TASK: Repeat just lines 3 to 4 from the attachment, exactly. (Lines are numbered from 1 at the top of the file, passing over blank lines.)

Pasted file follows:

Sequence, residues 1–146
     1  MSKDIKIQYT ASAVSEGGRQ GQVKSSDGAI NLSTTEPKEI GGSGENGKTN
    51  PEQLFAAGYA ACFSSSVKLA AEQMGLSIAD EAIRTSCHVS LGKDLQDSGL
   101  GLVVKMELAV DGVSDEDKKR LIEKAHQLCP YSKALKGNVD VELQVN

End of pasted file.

    51  PEQLFAAGYA ACFSSSVKLA AEQMGLSIAD EAIRTSCHVS LGKDLQDSGL
   101  GLVVKMELAV DGVSDEDKKR LIEKAHQLCP YSKALKGNVD VELQVN